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The agribusiness sector in Ukraine has held up despite a series of power cuts, which blocked sea grain terminals and complicated railway deliveries, UkrAgroconsult reported.

Ukraine also faced a loss of communications and internet services during the 21-25 November period, the 30 November report said.

However, the agricultural sector continued to operate, the report said, with some signs of optimism, such as an increase in corn prices.

World corn production has declined since 2021, according to the report, and Ukrainian corn exports to China have become more complicated following Russia’s invasion last February.

Although China was now actively switching to Latin American grain purchases, Ukrainian deliveries to China continued, the report said.

China has also been an active importer of oilseed meal, UkrAgroconsult wrote, and in terms of shipments, sunflower meal could compete with corn. In the September-November period, 15 vessels loaded with sunflower meal travelled to China through the United Nations-brokered Black Sea grain export corridor agreed in July.

More profitable oilseed crops had been almost fully harvested, the report said, and while some of the sunflowerseed planted areas had been affected by moisture, higher prices and profits covered drying and cleaning costs.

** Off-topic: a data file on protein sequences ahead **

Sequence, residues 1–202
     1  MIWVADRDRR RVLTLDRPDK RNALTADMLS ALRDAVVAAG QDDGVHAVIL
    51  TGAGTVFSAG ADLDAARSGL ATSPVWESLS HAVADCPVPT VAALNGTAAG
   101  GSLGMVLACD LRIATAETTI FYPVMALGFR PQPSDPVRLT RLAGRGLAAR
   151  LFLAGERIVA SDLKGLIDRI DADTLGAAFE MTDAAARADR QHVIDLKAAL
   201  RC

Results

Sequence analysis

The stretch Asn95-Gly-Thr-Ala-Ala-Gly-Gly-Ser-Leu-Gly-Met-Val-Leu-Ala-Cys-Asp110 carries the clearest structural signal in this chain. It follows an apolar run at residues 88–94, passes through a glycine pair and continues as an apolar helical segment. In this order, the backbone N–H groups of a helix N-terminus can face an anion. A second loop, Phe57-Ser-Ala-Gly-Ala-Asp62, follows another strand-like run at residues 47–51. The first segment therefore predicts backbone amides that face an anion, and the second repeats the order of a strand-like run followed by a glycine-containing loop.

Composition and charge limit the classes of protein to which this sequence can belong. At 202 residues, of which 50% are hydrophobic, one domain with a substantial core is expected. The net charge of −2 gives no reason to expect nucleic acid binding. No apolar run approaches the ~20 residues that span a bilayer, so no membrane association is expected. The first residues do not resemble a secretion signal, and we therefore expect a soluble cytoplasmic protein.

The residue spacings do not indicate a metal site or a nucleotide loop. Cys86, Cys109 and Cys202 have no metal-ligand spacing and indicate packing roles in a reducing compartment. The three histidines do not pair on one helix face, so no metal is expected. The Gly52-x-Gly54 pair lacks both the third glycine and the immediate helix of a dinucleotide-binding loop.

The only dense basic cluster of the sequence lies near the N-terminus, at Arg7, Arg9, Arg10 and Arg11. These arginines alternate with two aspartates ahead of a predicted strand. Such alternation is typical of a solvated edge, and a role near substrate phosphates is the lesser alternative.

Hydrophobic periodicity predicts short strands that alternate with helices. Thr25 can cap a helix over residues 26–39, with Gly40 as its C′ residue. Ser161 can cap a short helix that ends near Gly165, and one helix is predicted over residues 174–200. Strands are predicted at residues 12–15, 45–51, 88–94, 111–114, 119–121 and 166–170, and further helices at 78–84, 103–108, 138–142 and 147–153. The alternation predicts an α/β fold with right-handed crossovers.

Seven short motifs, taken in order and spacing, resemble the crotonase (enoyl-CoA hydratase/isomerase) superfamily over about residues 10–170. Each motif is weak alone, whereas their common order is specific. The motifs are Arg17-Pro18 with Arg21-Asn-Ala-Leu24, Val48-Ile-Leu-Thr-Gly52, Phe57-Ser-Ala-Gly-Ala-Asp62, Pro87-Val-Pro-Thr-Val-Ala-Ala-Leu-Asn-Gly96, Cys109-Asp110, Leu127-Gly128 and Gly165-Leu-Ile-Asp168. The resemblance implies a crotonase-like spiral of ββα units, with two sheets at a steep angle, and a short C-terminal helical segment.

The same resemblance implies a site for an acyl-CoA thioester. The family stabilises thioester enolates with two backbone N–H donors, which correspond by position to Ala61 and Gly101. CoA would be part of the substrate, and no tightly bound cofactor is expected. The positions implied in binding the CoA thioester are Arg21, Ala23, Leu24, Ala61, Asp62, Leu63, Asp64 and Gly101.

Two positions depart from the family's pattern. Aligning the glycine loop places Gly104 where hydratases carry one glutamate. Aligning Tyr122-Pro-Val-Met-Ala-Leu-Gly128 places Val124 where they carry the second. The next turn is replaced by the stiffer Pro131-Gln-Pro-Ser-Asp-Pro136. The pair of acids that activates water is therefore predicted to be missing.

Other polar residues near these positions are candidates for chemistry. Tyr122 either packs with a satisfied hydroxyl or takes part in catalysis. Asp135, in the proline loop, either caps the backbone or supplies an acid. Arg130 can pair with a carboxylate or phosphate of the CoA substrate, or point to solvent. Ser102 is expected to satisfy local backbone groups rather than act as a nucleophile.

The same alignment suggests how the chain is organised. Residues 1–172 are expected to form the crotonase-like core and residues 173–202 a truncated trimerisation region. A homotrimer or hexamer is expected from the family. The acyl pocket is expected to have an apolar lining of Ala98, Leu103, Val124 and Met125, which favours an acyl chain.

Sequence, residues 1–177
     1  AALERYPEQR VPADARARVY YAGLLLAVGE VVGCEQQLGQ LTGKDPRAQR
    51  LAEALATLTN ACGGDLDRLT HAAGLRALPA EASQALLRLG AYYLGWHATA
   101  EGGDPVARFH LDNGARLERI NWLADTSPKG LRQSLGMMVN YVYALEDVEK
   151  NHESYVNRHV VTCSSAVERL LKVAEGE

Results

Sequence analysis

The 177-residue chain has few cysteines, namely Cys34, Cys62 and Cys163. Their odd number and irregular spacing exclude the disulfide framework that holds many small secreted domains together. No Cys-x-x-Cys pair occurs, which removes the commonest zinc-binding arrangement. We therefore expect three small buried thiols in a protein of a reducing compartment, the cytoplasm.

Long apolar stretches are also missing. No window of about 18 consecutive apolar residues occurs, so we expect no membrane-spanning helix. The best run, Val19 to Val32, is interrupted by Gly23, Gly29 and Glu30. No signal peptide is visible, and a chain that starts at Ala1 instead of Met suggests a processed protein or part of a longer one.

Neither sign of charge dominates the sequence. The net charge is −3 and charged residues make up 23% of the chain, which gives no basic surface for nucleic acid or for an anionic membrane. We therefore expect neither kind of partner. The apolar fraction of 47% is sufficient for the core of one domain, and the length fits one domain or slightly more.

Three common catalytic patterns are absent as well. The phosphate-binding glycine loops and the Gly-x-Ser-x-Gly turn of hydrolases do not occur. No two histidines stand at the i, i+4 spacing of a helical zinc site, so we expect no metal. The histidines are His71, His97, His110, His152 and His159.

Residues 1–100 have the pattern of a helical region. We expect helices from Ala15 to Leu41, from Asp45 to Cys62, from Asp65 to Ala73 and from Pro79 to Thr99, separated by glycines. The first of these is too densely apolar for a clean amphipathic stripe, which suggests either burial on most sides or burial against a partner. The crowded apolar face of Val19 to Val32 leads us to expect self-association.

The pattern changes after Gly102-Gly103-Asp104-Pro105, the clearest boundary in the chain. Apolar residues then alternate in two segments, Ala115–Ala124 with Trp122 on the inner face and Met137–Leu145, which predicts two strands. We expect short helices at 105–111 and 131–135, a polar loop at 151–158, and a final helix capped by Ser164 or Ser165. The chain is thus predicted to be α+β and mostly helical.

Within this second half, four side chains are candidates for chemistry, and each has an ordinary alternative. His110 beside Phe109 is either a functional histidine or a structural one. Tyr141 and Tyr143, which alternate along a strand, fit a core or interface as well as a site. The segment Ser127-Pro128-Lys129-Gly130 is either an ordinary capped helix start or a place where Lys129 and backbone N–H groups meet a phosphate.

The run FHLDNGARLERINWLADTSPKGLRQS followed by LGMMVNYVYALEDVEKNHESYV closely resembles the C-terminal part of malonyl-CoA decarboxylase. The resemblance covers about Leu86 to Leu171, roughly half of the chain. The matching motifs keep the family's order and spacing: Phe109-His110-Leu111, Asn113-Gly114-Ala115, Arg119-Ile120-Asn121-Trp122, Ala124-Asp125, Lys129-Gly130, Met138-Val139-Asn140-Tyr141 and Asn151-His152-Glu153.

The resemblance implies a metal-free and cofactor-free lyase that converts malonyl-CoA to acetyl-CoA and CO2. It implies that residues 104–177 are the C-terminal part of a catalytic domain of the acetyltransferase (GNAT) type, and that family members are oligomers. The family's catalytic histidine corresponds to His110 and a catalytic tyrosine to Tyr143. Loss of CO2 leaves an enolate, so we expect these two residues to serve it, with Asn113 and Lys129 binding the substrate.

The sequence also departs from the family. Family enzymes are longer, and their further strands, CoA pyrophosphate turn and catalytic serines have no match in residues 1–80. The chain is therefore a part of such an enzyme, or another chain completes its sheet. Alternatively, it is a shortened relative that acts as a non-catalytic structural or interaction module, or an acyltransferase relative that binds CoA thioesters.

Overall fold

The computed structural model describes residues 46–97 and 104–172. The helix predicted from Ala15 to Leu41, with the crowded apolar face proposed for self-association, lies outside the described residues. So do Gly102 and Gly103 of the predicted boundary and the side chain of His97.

The export potential of Ukrainian sunflower oil was expected to reach 4.3M tonnes in the 2022/23 marketing year, according to UkrAgroConsult estimates, with the grain corridor a key factor.

Although risks continued, the export pace during the first months of the 2022/23 season made it possible that sunflowerseed oil and sunflower meal exports could achieve estimated volumes, the report said.

A 33% reduction in the sunflower harvest compared to 2021 was expected to lead to Ukraine losing its ranking as the world’s top sunflower oil exporter, UkrAgroConsult wrote, although this was likely to be a temporary drop in ranking.

A comparative profitability study for the 2023 harvest had shown that farmers would be expected to give preference to oilseed crops planting, the report said, while an expansion in planted area was forecast in the more productive regions of Ukraine, which explained optimistic forecasts.